Professor Emeritus

Irwin Garfinkel

Dr. Irwin Garfinkel is a world-leading researcher on poverty and the welfare state and a go-to resource for policymakers interested in anti-poverty programs at all levels of government.

Dr. Irwin Garfinkel is Professor Emeritus at the Columbia School of Social Work. He was the first Mitchell I. Ginsberg Professor of Contemporary Urban Problems.

Irwin Garfinkel conducts research on the benefits and costs of existing and proposed welfare state programs. He has examined both universal programs, including national health insurance, child allowances, an assured child support benefit, and basic income as well as means tested programs including Food Stamps, TANF and its predecessor AFDC, and the benefits and costs of means testing as compared to universality. A social worker and economist by training, Dr. Garfinkel’s book Wealth and Welfare States: Is America Laggard or Leader? (Oxford University Press, 2010) and paper “Welfare State Myths and Measurement” challenge widespread half-truths, such as that the American welfare state is small and has always been a laggard, and most important, that the welfare state undermines productivity. In all, he is the author of over 200 articles and 16 books or edited volumes on poverty, income transfers, program evaluation, single-parent families and child support, gene-environment interactions, and the welfare state.

Much of Garfinkel’s work has focused on the economic insecurity of single mothers and their children and policies designed to increase their security. From 1980-1990, he was the principal investigator of the Wisconsin Child Support Study. His research on child support influenced legislation in Wisconsin, other American states, the U.S. Congress, Great Britain, Australia, and Sweden.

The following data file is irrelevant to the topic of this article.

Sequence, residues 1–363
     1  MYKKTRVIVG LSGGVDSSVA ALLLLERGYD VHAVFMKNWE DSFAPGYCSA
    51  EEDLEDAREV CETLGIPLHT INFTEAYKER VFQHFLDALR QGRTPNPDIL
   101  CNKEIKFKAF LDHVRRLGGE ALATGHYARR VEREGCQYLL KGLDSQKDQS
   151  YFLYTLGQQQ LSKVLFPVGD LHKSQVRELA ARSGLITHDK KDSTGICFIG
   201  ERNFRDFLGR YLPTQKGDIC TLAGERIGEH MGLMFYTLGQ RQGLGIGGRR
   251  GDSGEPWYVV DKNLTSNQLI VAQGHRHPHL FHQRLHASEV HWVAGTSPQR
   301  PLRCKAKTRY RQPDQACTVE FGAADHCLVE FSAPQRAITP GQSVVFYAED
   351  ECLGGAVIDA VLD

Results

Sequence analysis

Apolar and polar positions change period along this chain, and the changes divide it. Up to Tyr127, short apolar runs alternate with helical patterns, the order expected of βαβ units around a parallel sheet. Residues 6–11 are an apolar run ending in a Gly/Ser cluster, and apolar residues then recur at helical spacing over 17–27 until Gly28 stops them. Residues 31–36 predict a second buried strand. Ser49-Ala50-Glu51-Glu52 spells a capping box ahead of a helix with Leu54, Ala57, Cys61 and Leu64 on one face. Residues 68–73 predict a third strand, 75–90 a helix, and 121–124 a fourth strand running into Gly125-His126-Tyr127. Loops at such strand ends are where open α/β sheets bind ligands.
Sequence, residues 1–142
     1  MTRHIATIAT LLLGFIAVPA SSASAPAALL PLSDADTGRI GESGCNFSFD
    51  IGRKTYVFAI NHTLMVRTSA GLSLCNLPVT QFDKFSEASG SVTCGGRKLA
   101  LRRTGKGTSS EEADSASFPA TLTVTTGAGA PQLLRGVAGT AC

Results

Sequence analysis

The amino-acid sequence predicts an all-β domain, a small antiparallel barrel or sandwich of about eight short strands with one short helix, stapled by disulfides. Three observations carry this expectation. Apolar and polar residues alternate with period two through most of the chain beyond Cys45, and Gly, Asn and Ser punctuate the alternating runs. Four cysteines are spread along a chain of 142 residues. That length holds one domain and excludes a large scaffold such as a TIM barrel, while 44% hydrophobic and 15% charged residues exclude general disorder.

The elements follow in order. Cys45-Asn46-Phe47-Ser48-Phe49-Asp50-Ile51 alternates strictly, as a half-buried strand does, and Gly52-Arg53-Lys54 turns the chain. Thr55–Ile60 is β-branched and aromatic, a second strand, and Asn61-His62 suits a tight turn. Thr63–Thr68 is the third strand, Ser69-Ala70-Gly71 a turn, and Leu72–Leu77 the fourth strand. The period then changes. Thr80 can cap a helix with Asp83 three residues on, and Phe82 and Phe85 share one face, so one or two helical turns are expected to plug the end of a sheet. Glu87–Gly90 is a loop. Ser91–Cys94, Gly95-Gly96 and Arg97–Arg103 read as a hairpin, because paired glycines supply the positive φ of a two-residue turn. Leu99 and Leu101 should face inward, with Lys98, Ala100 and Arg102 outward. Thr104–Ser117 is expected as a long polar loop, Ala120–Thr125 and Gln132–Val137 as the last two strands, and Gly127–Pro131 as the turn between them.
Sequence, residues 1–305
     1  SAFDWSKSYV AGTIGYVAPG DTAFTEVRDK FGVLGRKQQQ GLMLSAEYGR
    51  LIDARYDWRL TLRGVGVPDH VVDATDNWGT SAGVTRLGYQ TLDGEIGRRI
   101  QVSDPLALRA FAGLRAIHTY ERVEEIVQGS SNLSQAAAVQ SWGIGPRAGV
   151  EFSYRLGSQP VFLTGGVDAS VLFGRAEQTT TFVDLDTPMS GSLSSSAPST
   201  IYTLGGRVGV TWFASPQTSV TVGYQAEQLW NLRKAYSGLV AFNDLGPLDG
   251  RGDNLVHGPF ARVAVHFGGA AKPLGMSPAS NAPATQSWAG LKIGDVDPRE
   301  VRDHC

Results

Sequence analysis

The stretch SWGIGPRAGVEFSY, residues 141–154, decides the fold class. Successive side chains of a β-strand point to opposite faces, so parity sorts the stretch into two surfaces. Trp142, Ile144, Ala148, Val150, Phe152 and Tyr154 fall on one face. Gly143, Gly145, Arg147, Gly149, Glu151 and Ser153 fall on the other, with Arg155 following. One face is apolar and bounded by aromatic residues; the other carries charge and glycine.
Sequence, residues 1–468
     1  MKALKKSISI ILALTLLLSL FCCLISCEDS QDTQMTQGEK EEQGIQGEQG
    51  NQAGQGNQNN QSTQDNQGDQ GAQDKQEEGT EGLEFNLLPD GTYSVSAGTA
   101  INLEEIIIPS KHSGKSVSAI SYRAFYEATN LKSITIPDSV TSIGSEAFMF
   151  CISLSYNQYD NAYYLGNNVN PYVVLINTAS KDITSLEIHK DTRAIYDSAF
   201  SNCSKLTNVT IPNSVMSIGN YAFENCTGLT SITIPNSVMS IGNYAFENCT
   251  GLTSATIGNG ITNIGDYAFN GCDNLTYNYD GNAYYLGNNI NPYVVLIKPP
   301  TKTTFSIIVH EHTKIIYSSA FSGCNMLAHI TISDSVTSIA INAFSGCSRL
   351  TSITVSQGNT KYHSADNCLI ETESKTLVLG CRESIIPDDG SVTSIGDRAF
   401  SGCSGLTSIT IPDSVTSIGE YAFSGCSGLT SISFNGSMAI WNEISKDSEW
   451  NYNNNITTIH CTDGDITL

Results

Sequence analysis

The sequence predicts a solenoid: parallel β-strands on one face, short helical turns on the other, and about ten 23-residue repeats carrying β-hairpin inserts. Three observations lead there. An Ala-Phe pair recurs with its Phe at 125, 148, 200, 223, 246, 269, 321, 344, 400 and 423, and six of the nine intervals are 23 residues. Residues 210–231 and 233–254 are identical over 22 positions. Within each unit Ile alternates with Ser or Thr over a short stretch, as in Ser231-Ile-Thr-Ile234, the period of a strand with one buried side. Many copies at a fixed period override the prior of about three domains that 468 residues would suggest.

His most recent research focuses on the benefits and costs of a universal child allowance. He served on the National Academy of Science Panel that produced the report “A Roadmap to Reducing Child Poverty.” Child allowances were the centerpiece in two of the four program combinations recommended by the committee.

In 1998, in partnership with his wife, Sara McLanahan of Princeton University, Dr. Garfinkel initiated the Fragile Families and Child Wellbeing Study. Nearly 5,000 children in 20 large American cities were enrolled in the study at birth and are now young adults. In 2012, in collaboration with Chris Wimer, Jane Waldfogel, and Julien Teitler, with funding from the Robin Hood Foundation, he initiated the New York City Longitudinal Survey of Well-being, called the Poverty Tracker. The Poverty Tracker collects representative longitudinal data from New York City residents to track the dynamics of poverty and wellbeing in the city over time.

Dr. Garfinkel was co-founding director of the Columbia Population Research Center from 2007 to 2015 and also co-founding director of the Center on Poverty and Social Policy from 2014 to 2022. Previously, Dr. Garfinkel served as the director of the Institute for Research on Poverty from 1975-1980, and the School of Social Work at the University of Wisconsin from 1982-1984. He also served as Interim Dean of CSSW from 2017 to September 2019.

Garfinkel holds a BA in History from the University of Pittsburgh, an MA in Social Work from the University of Chicago, and a PhD in Social Work and Economics from the University of Michigan.